Site map
0The virtual community for English-speaking expats and Russians
  Main page   Make it home   Expat card   Our partners   About the site   FAQ
Please log in:
To register  Forgotten your password?   
  Survival Guide   Calendars
  Phone Directory   Dining Out
  Employment   Going Out
  Real Estate   Children
   September 30
News Links
Business Calendar
Phone Directory
 Latest Articles
 Archived Articles
Analysis & Opinion
27.02.12 Bluff And Bluster
By Tai Adelaja

Ukrainian Prime Minister Mykola Azarov tried on Friday to shrug off the Kremlin's latest threat to push his country out of the Russian gas transit business. Tension in the Russian-Ukrainian gas dispute escalated last week when Russia’s natural gas export monopoly Gazprom said Russia will completely eliminate its reliance on Ukraine to transit its gas to Europe as soon as its planned pipeline projects are completed. Ukraine has dismissed the threat as "nothing terrible," saying it has learned to respond calmly to outbursts and antics from Moscow.

During a meeting with Russian President Dmitry Medvedev last week, Gazprom’s Head Alexei Miller blamed Ukraine for shortages reported by its customers in Europe at the peak of a cold spell in early February. "Significant volumes of gas shipped through Ukraine failed to reach Europe," Miller said. "On certain days up to 40 million cubic meters of gas were kept in Ukraine, and this undoubtedly brought both financial and reputational losses for Gazprom." To guard against future transit risk, Miller said Gazprom will accelerate the construction of the proposed South Stream pipelines, designed to carry gas across the Black Sea to central and south Europe while bypassing Ukraine.

Ukrainian state energy company Naftogaz has since denied that it “filched” Russian gas from transit pipelines bound for Europe, stressing that it “has not taken a single cubic meter of gas from the volumes that were shipped by Gazprom to Europe." Nevertheless, Miller told President Dmitry Medvedev that the construction of South Stream, which was initially planned to begin in 2013, will now take off in December of this year. "This abnormally cold winter, which caused a sharp increase in demand for Russian gas in Europe, is another confirmation that South Stream must and will be built," Miller said. "Europe needs new corridors for Russian gas supplies without transit intermediaries."

Ukraine has been seeking a reduction in the above-the-market price it pays for Russian gas and Gazprom has indicated that it would make significant gas price cuts in exchange for full control over Naftogaz Ukrainy, Ukraine's gas transportation system. However, in a reversal, Gazprom CEO told Russian Prime Minister Vladimir Putin last month that the costs of Ukraine’s gas transport system may be greater than constructing the South Stream pipeline. Miller estimated the cost of the Ukrainian transport system at around $20 billion, while the South Stream project is estimated to cost $16.5 billion, with $10 billion of this spent on offshore construction and the remaining $6.5 billion to be spent on onshore construction. Miller also said that upgrading the money-losing Ukrainian transport system could cost anything from $3 billion to $8 billion.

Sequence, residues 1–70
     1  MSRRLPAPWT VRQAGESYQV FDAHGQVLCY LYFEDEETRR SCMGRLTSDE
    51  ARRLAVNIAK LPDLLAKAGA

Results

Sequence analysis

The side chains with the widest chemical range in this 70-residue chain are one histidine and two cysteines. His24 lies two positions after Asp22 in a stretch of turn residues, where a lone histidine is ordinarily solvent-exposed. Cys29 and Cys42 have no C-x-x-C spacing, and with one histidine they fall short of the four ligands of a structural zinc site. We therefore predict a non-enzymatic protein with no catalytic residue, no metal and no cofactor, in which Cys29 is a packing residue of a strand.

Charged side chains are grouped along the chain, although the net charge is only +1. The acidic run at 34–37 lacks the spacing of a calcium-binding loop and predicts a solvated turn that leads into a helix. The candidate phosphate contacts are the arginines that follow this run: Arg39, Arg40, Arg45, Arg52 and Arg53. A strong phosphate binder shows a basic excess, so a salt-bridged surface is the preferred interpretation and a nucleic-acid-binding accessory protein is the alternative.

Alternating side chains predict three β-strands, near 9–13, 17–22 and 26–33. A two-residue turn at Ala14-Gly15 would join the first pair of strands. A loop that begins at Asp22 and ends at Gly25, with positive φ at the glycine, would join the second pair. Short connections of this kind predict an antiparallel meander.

Gazprom says it still plans to launch the first stage of the South Stream in 2015 with a capacity of 63 billion cubic meters a year, expected to reach full capacity in 2018. Ukraine may lose between $350 million and $400 million annually when the first stage of the pipeline is launched, business news Web site reported on Friday, citing unnamed Ukrainian experts. The experts also estimated that their country would only lose between $700 and $800 million when the pipeline runs at full capacity in 2018. Other experts say, however, that Ukraine will lose up to $2.6 billion annually – the same amount that the country received for natural gas transit through its territory last year.

Some experts have warned, however, that rushing the construction of South Stream to circumvent Ukraine may be an unaffordable option for Gazprom. While Nord Stream, which began delivering Russian gas across the Baltic Sea to Germany last year, cost $10 billion, South Stream is expected to cost the gas monopoly around $20.8 billion, according to experts. The European Union also seems cool to the plan, saying on Friday that it still considers the Ukrainian gas transporting system as one of the main pipelines for delivering gas to Europe. "The unique geographical location of Ukraine and its gas storage capacities mean that Ukraine can offer increased flexibility of gas supply," the European Commission Spokesperson on energy Marlene Holzner said on Friday, Interfax Ukraine reported. “The European Commission is convinced that Ukraine needs to elaborate a long-term strategy to ensure its position as the leading gas transporting country,” Holzner said, adding that there was no doubt Ukrainian gas transporting system is important for the EU and the greater European continent.

But since such assurances are unlikely to deter Gazprom from augmenting the pressure, Ukraine has been weighing its options. Azarov said earlier that Ukraine might consider turning to coal for its energy requirements, as it could ill-afford the exorbitant prices it pays for natural gas imports from Russia. And on Friday the State Geological Service announced tenders for the exploration and development of two large shale gas deposits, hoping to attract bids from global energy majors and reduce reliance on Russian gas. The country also appeared to have learned a lesson or two about dealing with threats from Moscow. "Let's not get worked up on this," Azarov said on Friday, referring to the latest threat from Moscow. “As I've always said: ‘God help you [Russia].’ Ukraine will find a way out of this situation."
The source
Copyright © The Moscow Expat Site, 1999-2023Editor  Sales  Webmaster +7 (903) 722-38-02